Do you feel down on your luck with GEOMETRY in NEWPORT BEACH?
Ever feel like your luck has just run out on a complicating math subject filled with endless proofs, postulates, and problems?
In this St. Patrick’s Day season, your “luck” doesn’t have to run out when it comes to GEOMETRY. You don’t have to count down the days until the end of the quarter or the end of the course. You can achieve success and create your own good “luck” with GEOMETRY if you’re willing to put in the work to make it happen.
Lucky Geometry Step 1: Follow the Examples
Whether you’re asked to find the area of a twelve-sided figure or complete a proof on the similarity of two triangles, a solid first step toward creating your own luck in GEOMETRY is looking at examples. Dig deep into your GEOMETRY book, or search for similar problems on the Internet.
Take it step by step and try to connect example problems to the problem at hand. The greatest thing about GEOMETRY and math in general is that the same patterns apply across many problems. Unlike linguistic exceptions in English like “i before e except after c,” math rules are final!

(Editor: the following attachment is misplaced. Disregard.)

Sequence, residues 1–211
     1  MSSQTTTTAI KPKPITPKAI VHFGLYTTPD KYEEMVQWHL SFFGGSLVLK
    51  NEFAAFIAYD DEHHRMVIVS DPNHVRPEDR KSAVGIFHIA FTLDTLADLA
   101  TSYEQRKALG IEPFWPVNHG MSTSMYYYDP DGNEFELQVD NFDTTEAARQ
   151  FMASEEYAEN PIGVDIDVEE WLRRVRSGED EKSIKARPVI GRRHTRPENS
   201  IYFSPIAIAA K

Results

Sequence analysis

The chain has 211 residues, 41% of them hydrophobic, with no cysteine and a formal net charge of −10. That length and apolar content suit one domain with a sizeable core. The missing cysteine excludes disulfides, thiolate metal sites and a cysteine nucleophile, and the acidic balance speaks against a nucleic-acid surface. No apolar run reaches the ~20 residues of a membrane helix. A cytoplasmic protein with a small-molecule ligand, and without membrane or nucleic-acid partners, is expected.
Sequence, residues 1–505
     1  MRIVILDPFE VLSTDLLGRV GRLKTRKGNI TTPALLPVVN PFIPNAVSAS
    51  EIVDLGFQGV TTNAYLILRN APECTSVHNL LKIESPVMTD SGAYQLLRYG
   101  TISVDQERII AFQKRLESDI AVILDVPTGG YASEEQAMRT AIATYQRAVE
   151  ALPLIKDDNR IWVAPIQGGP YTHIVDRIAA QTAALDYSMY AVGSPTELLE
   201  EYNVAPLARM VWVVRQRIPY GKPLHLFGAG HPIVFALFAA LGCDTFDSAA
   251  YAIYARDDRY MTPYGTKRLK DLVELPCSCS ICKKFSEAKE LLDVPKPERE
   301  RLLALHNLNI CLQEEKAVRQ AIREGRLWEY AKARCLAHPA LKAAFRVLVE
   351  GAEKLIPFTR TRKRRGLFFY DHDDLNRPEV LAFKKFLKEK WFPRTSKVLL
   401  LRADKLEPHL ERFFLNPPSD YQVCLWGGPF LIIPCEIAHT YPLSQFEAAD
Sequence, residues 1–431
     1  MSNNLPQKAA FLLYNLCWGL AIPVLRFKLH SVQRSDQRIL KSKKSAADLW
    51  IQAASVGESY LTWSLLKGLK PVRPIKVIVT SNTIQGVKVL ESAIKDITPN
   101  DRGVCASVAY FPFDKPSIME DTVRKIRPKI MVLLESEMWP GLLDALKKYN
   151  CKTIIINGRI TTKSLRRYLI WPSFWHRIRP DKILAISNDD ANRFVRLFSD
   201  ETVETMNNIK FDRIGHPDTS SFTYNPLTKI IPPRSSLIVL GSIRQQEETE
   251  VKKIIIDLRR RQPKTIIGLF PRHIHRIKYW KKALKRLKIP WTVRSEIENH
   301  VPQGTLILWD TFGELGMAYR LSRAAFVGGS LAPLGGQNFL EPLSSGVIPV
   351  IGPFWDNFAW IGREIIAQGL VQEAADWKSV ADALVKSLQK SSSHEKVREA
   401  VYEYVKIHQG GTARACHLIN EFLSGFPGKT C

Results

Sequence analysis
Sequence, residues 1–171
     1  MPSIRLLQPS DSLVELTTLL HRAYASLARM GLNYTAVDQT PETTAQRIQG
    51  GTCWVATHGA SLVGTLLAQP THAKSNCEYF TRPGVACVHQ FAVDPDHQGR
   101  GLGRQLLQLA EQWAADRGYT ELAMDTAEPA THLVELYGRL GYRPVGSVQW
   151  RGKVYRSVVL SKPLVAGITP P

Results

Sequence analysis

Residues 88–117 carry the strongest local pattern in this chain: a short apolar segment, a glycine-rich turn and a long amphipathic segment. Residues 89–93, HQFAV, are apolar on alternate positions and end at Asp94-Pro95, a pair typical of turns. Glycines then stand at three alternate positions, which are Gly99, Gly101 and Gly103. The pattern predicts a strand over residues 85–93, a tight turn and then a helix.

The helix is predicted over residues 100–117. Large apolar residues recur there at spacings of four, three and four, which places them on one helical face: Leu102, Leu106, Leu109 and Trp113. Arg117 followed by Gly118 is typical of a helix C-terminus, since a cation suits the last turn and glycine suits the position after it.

Lucky Geometry Step 2: Create Your Own Example
In conjunction with Lucky Step 1, I challenge you to create your own GEOMETRY examples, completing those problems by following the same pattern in a similar example. When you insert your own self-created problems into the world of math, the likelihood of your understanding increases all the more.
Your Geometry luck improves, too!
Lucky Geometry Step 3: Ask for Help
Sometimes, the book or the Internet can only help you so far. Perhaps either resource can inch you a step or two further along than you’d have otherwise gotten without it, but you need something – or someone – else to help you finish the job.
Don’t be afraid! Ask for help.
Ask your Geometry teacher, or perhaps even better, ask a fellow Geometry student.
As a middle school tutor working with groups of kids the last two and a half years, I’ve realized many students learn best not from their teacher and not from me, but from each other.
Ask a friend and see what works for them when they’re solving difficult problems. Maybe it’ll work for you, too!